There was considerable heterogeneity in wishes regarding cures for ADHD (suggesting both perceived benefits and detriments) and stimulant use being association with SUDs. From a clinical perspective, both points will be important to understand better. With regard to the latter, ADHD and SUDs frequently co-occur; one meta-analysis found that 23% of people with SUDs met criteria for ADHD (68). Furthermore, youth with ADHD are seven-fold more likely than those without to experience/develop SUDs; however, early treatment with stimulants appeared to decrease this risk (69). Understanding better motivations for substance use in adults with ADHD as may be gleaned through considering lived experiences may help decrease ADHD/SUD co-occurrence and improve quality of life.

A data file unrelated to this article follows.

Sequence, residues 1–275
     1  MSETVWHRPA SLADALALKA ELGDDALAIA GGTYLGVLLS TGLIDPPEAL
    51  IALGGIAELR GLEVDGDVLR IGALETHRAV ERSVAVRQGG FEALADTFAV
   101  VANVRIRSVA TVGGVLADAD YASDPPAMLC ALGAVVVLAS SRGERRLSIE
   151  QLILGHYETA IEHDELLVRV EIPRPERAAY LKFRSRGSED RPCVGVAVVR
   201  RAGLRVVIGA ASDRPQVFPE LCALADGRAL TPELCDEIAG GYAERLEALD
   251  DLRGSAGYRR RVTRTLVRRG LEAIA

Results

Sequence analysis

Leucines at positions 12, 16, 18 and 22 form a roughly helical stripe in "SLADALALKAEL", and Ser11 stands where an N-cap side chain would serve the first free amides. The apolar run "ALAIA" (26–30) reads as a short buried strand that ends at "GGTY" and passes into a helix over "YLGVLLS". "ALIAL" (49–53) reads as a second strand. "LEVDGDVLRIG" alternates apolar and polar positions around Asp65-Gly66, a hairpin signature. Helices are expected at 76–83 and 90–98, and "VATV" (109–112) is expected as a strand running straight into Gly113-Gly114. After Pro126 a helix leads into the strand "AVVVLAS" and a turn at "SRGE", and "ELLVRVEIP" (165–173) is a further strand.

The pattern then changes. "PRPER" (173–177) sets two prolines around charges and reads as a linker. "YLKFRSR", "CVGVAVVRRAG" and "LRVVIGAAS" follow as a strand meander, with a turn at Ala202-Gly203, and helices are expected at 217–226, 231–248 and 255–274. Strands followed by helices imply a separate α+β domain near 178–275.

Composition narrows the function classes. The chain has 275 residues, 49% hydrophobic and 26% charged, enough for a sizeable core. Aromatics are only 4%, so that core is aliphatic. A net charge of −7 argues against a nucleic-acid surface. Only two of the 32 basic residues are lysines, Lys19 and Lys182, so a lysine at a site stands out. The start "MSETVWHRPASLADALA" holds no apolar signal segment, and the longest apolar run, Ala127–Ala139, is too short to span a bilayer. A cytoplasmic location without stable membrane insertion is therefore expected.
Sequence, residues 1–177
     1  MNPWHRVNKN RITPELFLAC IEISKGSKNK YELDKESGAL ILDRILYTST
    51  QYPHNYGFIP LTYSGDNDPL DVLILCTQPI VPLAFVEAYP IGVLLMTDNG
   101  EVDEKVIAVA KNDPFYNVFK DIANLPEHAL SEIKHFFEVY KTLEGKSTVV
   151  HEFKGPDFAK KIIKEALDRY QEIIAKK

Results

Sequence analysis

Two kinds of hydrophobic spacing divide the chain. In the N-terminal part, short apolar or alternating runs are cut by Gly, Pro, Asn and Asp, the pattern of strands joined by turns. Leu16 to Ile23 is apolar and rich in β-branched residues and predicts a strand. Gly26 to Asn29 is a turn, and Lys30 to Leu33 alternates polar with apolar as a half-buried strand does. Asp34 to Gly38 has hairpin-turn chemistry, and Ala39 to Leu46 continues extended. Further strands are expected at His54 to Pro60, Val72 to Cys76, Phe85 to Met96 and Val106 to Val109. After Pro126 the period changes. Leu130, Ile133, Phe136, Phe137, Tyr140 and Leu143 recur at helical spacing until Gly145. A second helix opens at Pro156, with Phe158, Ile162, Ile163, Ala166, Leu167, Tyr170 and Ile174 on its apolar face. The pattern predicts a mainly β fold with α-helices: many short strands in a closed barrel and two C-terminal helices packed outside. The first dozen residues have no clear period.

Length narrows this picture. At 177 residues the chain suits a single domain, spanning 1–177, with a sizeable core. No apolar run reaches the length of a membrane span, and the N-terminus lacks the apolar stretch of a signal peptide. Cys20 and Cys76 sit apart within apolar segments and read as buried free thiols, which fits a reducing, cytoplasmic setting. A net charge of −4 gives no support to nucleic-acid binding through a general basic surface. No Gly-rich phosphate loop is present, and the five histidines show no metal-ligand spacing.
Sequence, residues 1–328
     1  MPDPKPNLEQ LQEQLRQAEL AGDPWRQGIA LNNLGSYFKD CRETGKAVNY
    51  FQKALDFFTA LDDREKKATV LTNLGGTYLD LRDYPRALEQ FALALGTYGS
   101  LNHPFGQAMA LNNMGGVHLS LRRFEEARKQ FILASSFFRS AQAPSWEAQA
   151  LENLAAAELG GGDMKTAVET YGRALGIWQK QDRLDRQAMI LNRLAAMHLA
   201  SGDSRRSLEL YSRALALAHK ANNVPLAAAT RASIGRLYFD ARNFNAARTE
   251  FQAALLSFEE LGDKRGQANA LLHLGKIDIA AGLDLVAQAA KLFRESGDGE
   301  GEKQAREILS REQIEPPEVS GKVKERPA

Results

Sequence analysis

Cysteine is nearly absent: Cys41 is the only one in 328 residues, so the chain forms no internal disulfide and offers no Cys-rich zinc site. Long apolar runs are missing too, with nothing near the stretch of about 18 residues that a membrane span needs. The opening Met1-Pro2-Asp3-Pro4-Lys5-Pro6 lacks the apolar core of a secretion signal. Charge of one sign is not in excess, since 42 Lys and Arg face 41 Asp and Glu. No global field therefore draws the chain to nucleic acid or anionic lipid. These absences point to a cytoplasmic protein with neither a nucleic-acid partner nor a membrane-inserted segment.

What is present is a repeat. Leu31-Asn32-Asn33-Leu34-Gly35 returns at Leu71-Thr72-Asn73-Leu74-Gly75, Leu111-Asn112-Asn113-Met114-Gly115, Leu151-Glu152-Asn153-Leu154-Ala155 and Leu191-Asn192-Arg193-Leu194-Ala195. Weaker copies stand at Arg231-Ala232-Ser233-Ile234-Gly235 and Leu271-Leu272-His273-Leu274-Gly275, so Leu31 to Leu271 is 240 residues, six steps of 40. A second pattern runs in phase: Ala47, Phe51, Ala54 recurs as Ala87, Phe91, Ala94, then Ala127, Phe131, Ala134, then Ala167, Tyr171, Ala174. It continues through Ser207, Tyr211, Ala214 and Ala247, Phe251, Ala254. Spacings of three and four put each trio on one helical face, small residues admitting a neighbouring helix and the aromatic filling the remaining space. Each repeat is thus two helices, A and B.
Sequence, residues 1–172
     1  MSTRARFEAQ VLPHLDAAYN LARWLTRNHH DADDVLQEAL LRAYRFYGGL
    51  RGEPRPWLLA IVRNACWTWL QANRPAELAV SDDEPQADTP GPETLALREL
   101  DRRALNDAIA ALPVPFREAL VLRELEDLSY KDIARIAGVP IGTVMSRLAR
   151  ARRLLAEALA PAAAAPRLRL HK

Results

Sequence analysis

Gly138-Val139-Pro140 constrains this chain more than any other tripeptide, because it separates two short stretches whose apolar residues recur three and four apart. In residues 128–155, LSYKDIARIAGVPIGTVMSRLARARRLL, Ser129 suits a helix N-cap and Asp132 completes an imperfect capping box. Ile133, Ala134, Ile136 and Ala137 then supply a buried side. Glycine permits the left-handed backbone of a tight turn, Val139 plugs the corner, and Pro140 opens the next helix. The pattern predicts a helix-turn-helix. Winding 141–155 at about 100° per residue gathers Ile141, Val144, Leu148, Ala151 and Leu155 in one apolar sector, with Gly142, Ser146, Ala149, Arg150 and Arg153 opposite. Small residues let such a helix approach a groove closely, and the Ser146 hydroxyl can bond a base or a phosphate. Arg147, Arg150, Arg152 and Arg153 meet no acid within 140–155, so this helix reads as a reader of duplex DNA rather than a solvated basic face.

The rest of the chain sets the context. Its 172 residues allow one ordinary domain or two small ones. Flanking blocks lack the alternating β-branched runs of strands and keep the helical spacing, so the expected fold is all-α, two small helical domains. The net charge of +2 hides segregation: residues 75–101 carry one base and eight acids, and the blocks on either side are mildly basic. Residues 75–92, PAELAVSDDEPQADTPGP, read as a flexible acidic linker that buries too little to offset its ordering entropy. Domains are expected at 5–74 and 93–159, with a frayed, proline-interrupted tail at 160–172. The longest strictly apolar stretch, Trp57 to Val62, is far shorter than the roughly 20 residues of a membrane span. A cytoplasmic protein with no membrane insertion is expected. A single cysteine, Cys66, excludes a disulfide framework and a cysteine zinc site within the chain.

This review highlights gaps in the qualitative literature on adult ADHD. Nearly all included studies took place in Europe, North America or Asia; there is a dearth of qualitative research on ADHD in the Global South. Although most studies did not report race, those that did often had a majority of White participants. Racial/ethnic disparities in ADHD diagnosis may contribute to the relatively low diversity of study participants (9), and such disparities are further reason to expand research focused on non-White individuals with ADHD. Most studies focused on young or middle-aged adults and most participants were male; more research is needed on how ADHD may impact older adults and other gender identities. Although long considered to disproportionately affect male children at approximately 3:1 (70), ADHD in adults has been reported to have gender ratios of 1.5:1 (71). Among the adult psychiatric population, some studies have found no gender difference in prevalence or up to a 2.5:1 female predominance (72). This finding suggests that women often may not receive diagnoses until adulthood and there may be strong links with other psychopathologies in women. The lived experience of women with ADHD should be further examined; this insight may help to understand why women often go undiagnosed and experience other psychiatric concerns.